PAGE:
The process of creating art is a wondrous thing. It offers a place to roam freely in a way that is intuitive with no boundaries while offering concrete processes and outcomes. Art has the power to transform. This is true of actual art work that is created as well as the transformation of the person creating it. Art equals transformation.
An artist who is engaged and creating is experiencing:
- Intense and focused concentration on the present moment.
- A loss of self consciousness.
- A sense of personal control.
Check out 4 ways art impacts behavior – for kids with special needs this experience can lead to:
A little self esteem goes a long way. That simple abstract design created by your child means a lot. It is the starting point for more great things to come. There is no right or wrong and this is the place a kid who is dealing with frustrations and stress every day gets to start to run free and explore without limitations. Art is also the place where many undiscovered talents are discovered and can become showcased. Kids can learn what success feels like and how it feels to have it showcased. They learn to be proud and treat their work and themselves with respect when they see others treating their art work with respect.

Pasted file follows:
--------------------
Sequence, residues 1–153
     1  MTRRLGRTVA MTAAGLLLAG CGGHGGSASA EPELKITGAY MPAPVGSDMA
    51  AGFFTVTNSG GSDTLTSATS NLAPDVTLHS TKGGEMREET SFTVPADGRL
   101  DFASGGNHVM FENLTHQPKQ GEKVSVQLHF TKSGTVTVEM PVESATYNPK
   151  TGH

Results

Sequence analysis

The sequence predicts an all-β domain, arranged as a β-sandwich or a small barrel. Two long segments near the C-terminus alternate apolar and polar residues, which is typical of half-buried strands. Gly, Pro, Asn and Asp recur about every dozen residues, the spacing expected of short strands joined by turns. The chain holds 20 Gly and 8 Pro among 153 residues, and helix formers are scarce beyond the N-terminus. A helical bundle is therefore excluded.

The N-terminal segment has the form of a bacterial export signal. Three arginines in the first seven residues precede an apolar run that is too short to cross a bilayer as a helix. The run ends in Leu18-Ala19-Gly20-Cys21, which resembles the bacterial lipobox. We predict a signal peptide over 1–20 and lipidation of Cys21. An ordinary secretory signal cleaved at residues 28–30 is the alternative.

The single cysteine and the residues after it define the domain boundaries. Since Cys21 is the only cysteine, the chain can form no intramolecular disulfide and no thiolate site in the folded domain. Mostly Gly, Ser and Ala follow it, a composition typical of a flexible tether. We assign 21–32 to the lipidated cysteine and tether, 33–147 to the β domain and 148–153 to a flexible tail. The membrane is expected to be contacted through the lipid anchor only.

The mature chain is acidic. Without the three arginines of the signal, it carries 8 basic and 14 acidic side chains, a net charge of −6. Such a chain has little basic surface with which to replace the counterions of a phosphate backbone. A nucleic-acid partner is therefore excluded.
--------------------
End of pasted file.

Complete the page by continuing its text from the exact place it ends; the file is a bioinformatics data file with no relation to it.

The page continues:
Stronger Ability to Self-Regulate Feelings
Once kids are taught fundamental art skills they can learn to experiment and guide themselves through the creative process. They figure out what works and what doesn’t work with art materials. They change things that don’t look right or decide they want something to look a different way and adjust the art material or design. They learn to stop, think, try something, and if that doesn’t work try something else. This is how creating works. It is part of the process and they learn to get less upset about the “frustration” of it. This is also how life works. This transfers to fewer emotional outbursts and reactions in other parts of life.
Increased Ability to Deal with New Situations
Art and the process of creating means trying things that are new and different. This means developing a tolerance for dealing with unknowns and the uncomfortable feeling of having to adapt and try new things. If it doesn’t work they learn to adjust it or accept it. They do this by developing and trusting their instincts. It becomes familiar and they learn how to deal with it and not become upset about it. This means less anxiety and easier transitions.
Increased Sense of Calm
When we get our feelings and frustrations “unloaded” somewhere that is constructive we are less likely to unload in a place that is not appropriate. This is especially true for kids with special needs. With art kids can “unload” their feelings and frustrations. It can be whatever they need it to be. It might be a place to literally express what they feel or the act of working with art materials that provides distraction.